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Associated Press
Women look for clothes at Sacred Heart Community Service in San Jose, Calif. Sacred Heart expects to provide food and clothing for more than 70,000 people this year.

Silicon Valley boom eludes many, widens gap

– Arwin Buditom guards some of the most successful high-tech companies in America. Joseph Farfan keeps their heat, air and electric systems humming. But these workers – and tens of thousands like them who help fuel the Silicon Valley’s tech boom – can’t even make ends meet anymore.

Buditom rooms with his sister an hour’s drive from work. Farfan gets his groceries at a food pantry.

“It’s unbelievable until you’re in the middle of it,” Farfan said, standing in line at the Sacred Heart Community Center in San Jose for free pasta, rice and vegetables. “Then the reality hits you.”

Silicon Valley is entering a fifth year of unfettered growth. The median household income is $90,000, according to the Census Bureau. The average single-family home sells for about $1 million. The airport is adding an $82 million private jet center.

But the river of money flowing through this 1,800-square-mile peninsula, stretching from south of San Francisco to San Jose, also has driven housing costs to double in the past five years, while wages for low- and middle-skilled workers are stagnant. Nurses, preschool teachers, security guards and landscapers commute, sometimes for hours, from less-expensive inland suburbs.

Now the widening income gap between the wealthy and those left behind is sparking debate, anger and sporadic protests.

Rants were spray-painted last month on walls, garages and a car in the Silicon Valley town of Atherton, home to many top tech CEOs that Forbes magazine last year called the nation’s most expensive community.

In Cupertino, security guards rallied outside Apple’s shareholder meeting Feb. 28, demanding better wages.

Farfan, 44, a native of the valley, said he figured he must be mismanaging his $23-an-hour salary to be struggling. But when he met with financial counselors, they told him there was nothing left to cut except groceries because rent, child support and transportation expenses were eating away the rest of his money.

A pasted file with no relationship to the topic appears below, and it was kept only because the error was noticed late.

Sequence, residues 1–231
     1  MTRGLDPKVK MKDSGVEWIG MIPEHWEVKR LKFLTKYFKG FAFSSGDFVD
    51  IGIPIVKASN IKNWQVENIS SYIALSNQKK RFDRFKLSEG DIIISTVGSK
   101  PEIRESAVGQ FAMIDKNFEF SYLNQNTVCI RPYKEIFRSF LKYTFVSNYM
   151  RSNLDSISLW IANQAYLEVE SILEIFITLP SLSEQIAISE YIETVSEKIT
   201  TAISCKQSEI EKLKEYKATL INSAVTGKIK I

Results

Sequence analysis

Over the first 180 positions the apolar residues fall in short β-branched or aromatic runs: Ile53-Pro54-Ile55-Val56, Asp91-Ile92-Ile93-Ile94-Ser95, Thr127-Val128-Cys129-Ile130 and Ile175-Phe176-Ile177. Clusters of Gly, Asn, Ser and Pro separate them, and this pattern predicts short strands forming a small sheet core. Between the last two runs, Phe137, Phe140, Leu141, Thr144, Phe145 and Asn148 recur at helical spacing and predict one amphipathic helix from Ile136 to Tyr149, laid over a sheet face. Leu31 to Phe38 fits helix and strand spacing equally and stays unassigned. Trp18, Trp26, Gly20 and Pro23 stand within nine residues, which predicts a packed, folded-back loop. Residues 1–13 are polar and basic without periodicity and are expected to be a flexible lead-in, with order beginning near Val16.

Buditom, also 44, said the reality of working for some of the nation’s richest companies has sapped his belief in the American dream. For the past four years, he has been living in his sister’s apartment, commuting an hour in stop-and-go traffic for a $13-an-hour security job.

“I’m so passed over by the American dream, I don’t even want to dream it anymore,” said Buditom, who emigrated from Indonesia 30 years ago. “It’s impossible to get ahead. I’m just trying to survive.”

Buditom stays because he wants to be near his family who help support him. Farfan stays to be near his 9-year-old daughter; he shares custody with his wife.

“I just have to swallow my pride,” Farfan said. “You gotta do what you gotta do because in the end, pride is not going to feed you.”

From the White House to the Vatican to the world’s business elite, the growing gap between the very wealthy and everyone else is seizing agendas. Three decades ago, Americans’ income tended to grow at roughly similar rates, no matter how much they made. But since about 1980, income has grown most for the top earners. For the poorest 20 percent of families, it has dropped.

A study last month by the Brookings Institution found that among the nation’s 50 largest cities, San Francisco experienced the largest increase in income inequality between 2007 and 2012. The richest 5 percent of households earned $28,000 more, while the poorest 20 percent of households saw income drop $4,000.

To the south, Silicon Valley’s success has made it a less hospitable place for many, said Russell Hancock, president of Joint Venture Silicon Valley, an organization focused on the local economy and quality of life.

“We’ve become a bifurcated valley, a valley of haves and have-nots,” Hancock said. “The economy is sizzling any way you slice it, and it’s about to get hotter. But having said that, we are quick to point out there are perils to our prosperity.”

Once a peaceful paradise of apricot, peach and prune orchards, the region is among the most expensive places to live in the U.S. Those earning $50,000 a year in Dallas would need to make $77,000 a year in the Silicon Valley to maintain the same quality of life, according to the Council for Community and Economic Research.

Housing costs are largely to blame. An $800-a-month, two-bedroom apartment near AT&T’s Dallas headquarters would cost about $1,700 near Google’s Mountain View headquarters. Dental visits, hamburgers, appliance repairs, movie tickets – all are above national averages.

Five years ago, Sacred Heart was providing food and clothing for about 35,000 people a year. This year, it expects to serve more than twice that. Families, working couples, disabled people and elderly have lined up out the door for free bags of food, just miles from the bustling tech campuses.

Those companies, meanwhile, are increasingly opting to build their own infrastructure and have become social bubbles, with their own child-care centers, cafes, dry cleaners, gyms, health providers and hair salons.

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